The greatest problem facing our health care system is the increasing cost of providing care. Unfortunately, the Affordable Care Act passed in the 111th Congress failed to effectively address this major concern. The U.S. spends more on health care today than any other country does, yet it ranks 37th in the world in healthcare. We must take measures to reduce costs and make access to health insurance more affordable for everyone. The key to making health care more affordable lies with increasing competition and eliminating unnecessary overhead costs on the system, not with a new government takeover of the health care system.
While there are several parts of the law that I do support, such as eliminating lifetime or annual spending caps on essential benefits, preventing insurers from unjustly cancelling policies, closing the Medicare Part D "doughnut hole," and increasing wellness incentives, the President’s health care reform law does not effectively address any of the cost issues that already prevent Americans from seeking or receiving appropriate health care. The solutions we come up with as a nation must focus on the doctor-patient relationship, not on how the federal government can insert itself into every aspect of our health and our lives.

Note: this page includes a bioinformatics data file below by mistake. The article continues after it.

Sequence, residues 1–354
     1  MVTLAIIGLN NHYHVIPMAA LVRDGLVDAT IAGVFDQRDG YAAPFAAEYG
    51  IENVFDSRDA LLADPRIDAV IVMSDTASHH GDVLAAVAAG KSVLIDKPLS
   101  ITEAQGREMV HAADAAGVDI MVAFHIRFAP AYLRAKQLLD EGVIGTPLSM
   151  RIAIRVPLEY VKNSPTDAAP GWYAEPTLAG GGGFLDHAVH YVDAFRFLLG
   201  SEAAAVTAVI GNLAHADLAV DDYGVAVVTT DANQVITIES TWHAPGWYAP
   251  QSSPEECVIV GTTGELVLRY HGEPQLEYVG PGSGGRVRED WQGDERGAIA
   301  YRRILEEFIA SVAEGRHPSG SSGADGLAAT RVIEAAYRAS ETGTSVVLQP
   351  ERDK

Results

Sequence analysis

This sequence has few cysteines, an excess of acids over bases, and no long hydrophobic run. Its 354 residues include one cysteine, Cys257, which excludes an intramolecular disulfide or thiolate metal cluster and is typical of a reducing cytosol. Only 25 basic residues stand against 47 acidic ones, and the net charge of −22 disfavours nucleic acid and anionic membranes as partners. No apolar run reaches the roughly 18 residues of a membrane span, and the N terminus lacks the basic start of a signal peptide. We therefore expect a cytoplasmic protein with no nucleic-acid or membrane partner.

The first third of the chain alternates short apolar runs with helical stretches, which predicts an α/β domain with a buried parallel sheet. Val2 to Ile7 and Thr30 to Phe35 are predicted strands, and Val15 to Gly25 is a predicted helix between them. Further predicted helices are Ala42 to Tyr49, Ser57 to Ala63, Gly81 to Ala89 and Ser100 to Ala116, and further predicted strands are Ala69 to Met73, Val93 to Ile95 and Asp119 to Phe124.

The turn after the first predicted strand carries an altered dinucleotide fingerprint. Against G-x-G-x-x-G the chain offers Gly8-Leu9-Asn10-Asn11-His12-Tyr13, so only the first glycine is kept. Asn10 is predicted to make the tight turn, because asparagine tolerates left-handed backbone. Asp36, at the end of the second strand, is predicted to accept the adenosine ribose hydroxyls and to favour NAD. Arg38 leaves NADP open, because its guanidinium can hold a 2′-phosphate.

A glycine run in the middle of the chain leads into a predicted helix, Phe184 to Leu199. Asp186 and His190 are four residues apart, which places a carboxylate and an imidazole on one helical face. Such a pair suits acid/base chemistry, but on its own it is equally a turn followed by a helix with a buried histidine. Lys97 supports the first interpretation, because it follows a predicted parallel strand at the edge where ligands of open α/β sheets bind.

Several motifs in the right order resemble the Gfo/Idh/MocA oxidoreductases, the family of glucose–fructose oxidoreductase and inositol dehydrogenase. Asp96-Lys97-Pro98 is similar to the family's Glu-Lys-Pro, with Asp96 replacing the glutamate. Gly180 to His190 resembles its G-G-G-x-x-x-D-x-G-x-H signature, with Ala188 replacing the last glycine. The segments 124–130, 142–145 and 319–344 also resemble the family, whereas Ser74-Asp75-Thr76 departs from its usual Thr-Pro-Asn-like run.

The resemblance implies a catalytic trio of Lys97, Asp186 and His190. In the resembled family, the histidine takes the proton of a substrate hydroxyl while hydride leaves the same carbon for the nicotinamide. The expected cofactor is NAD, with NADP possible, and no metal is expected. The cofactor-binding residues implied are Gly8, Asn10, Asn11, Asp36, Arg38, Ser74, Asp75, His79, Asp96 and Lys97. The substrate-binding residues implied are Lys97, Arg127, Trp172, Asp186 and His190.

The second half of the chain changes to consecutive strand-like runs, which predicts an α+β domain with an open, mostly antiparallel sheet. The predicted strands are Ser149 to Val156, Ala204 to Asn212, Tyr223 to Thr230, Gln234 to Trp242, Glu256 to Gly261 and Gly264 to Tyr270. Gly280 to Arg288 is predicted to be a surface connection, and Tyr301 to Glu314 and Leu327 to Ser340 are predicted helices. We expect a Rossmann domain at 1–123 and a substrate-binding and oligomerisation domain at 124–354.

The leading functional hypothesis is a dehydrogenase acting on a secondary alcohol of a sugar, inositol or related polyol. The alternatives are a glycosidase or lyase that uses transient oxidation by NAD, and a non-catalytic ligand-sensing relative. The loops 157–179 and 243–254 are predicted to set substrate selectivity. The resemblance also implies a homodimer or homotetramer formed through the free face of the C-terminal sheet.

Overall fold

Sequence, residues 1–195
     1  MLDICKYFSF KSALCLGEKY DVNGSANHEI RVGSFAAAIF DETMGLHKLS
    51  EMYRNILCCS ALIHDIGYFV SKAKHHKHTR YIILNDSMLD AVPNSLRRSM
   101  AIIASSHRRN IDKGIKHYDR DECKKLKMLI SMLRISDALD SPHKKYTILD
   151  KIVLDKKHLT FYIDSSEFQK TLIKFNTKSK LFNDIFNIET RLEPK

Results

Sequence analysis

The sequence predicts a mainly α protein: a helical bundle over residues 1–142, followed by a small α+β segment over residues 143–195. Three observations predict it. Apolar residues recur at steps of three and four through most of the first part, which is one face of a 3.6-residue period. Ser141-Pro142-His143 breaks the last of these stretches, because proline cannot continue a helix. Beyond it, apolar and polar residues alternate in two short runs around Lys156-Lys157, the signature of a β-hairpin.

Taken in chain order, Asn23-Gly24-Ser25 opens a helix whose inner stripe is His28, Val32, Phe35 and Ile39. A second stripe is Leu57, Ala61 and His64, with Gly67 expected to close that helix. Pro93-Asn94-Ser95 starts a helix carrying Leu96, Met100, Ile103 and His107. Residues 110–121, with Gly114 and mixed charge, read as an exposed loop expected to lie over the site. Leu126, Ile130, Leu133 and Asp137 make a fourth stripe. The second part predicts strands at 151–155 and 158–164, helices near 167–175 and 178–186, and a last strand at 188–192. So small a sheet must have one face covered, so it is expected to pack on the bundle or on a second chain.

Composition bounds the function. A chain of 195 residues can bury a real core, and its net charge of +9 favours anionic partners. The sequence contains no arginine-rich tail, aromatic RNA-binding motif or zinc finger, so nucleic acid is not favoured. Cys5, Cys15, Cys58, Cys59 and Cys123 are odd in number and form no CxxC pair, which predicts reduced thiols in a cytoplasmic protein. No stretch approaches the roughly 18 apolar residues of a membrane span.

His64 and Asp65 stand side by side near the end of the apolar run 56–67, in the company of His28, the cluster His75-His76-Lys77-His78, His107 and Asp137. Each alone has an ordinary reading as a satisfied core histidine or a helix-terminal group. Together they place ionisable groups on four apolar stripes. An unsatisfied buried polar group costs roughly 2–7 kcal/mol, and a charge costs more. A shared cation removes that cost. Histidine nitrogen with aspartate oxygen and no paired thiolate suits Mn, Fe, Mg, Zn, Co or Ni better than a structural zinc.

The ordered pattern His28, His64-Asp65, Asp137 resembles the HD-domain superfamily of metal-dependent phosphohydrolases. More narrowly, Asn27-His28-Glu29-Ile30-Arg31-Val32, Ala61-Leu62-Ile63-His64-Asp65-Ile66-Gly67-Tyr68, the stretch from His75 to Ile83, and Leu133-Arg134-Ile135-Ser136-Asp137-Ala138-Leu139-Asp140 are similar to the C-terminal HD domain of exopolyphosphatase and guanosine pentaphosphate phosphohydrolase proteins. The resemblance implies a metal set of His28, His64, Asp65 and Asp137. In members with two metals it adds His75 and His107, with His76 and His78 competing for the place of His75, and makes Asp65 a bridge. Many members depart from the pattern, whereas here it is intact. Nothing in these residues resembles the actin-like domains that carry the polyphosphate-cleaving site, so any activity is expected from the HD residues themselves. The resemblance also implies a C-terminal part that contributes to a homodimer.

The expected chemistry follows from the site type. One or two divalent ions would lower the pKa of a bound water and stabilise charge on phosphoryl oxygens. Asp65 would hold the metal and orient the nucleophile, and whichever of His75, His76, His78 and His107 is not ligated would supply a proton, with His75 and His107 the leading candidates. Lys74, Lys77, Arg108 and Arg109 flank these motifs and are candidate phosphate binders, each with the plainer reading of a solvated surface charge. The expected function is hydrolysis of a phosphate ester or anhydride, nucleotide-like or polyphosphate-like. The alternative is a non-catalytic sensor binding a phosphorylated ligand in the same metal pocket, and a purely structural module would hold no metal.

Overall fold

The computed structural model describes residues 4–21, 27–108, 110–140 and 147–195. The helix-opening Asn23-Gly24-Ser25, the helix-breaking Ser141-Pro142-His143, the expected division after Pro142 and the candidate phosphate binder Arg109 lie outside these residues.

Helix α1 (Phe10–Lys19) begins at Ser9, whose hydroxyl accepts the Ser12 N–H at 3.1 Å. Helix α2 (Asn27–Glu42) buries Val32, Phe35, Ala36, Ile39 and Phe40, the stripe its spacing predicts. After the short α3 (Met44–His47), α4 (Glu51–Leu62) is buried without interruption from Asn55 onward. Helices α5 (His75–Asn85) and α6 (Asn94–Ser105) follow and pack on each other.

I support health care reform that allows consumers to purchase insurance across state lines, and I believe that tort reform will reduce health care costs further. Tort reform would help curb the number of junk lawsuits filed against doctors, which would in turn lower the cost of malpractice premiums and reduce overhead costs on hospitals. Additionally, tort reform would help reduce the wasteful practice of defensive medicine and reduce health care costs by as much as $200 billion a year.
I will continue to work to put forth solutions that will lower costs, increase access to care, and protect the doctor-patient relationship.